Grace Kossia ’16 said that since she immigrated to the United States from the Democratic Republic of the Congo with her family at a young age, her family has faced a number of challenges that made it difficult to find stability. However, she said her experience at school with teachers who showed they cared helped to improve significantly her experience in the U.S.
“I could really pick out the teachers who were really there for us… They just poured in a lot of extra effort that they probably weren’t getting paid for,” Kossia said.
Reflecting on her own experience, Kossia said she struggled with courses in her mechanical engineering concentration, but chose to continue nevertheless. She said she hopes to use this experience as a woman of color in science and math as a motivation for her students to succeed in these fields.
“I think I also continued with engineering just to prove that as a minority female, I could do it,” Kossia said, “And that’s what I want to impart my students with: with the notion that they can do something if they put their mind to it.”
A KNACK FOR TEACHING IN COLLEGE
For other Fellows, experiences in college led them to pursue the program as a way to contribute to society.
When Quan C. Le ’15 entered college, he started on the pre-med track with the intention of gaining experience with research and working in a hospital environment during his undergraduate years. However, his interest in working with youth led to extensive involvement in several Phillips Brooks House Association programs.
Over three summers and multiple semesters at Harvard, Le worked with children from high-trauma populations, including refugees, domestic violence survivors, and immigrants. He said these programs motivated him to enter the teaching profession as opposed to medical school.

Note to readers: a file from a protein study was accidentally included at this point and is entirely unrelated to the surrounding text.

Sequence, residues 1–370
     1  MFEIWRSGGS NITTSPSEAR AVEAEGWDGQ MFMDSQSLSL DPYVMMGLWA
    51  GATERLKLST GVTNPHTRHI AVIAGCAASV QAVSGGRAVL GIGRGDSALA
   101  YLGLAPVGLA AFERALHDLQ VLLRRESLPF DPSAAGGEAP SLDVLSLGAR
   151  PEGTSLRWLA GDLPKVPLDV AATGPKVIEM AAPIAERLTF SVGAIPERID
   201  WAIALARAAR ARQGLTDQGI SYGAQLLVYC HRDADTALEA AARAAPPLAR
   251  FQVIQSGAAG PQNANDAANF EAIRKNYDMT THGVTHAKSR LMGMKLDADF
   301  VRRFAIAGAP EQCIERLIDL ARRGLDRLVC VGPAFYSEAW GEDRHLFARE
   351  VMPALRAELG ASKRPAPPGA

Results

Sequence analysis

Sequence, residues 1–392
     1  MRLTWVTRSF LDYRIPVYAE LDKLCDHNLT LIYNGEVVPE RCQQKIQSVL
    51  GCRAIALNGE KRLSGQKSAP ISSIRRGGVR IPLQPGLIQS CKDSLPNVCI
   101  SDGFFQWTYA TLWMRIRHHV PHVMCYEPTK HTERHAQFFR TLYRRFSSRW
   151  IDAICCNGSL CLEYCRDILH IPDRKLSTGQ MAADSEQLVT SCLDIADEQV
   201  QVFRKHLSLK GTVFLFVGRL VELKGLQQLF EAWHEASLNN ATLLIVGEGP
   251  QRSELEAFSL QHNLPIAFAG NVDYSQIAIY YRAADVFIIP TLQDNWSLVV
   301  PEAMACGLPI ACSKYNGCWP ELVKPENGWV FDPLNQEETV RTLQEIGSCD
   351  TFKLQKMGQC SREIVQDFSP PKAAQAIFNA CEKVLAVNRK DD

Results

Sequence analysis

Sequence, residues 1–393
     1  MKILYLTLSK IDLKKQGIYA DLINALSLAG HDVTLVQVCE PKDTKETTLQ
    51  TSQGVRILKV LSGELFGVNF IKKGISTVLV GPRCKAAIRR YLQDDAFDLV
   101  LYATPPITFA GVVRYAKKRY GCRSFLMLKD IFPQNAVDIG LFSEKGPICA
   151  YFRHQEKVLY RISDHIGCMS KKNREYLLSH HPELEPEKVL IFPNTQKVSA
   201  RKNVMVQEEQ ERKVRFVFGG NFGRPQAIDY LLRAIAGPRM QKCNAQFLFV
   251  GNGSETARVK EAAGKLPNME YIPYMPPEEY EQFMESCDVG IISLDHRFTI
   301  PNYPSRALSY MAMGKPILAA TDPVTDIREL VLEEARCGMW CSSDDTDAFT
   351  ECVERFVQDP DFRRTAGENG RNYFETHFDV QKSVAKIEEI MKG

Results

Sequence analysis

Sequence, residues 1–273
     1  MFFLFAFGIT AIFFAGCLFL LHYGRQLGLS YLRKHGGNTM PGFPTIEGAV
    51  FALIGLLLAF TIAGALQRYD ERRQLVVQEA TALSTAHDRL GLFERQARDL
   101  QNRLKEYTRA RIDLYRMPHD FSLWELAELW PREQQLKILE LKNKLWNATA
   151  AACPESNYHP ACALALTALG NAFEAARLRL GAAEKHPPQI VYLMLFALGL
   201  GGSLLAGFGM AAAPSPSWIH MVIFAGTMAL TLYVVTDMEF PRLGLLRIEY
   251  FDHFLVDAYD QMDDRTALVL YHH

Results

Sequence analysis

“I ended up spending all my summers and extracurriculars doing tutoring work, something I actually enjoyed. I never got into research or in a hospital to know what it’s actually like to be a doctor,” he said.
Le attributes his upbringing as a son of immigrant parents in a low-income household as influencing his decision to serve underprivileged youth as a profession. He said he hopes to inspire his students in the classroom, who will often come from low-income backgrounds.
“Not only is it meaningful for me to be able to help people that come from similar backgrounds, but I can also serve as a role model for them,” he said.
For Park, her concentration in history and literature has influenced the way she plans to teach, in part through bringing attention to the stories of historically underrepresented groups.
“Having [history and literature] has both further reinforced the importance of the social justice aspect of history and also really prepared me for the content knowledge to teach,” she said.
Jing Qiu ’16 said she similarly decided to become a teacher while doing public service work in college. She said her family has always seen education as the gateway to opportunity.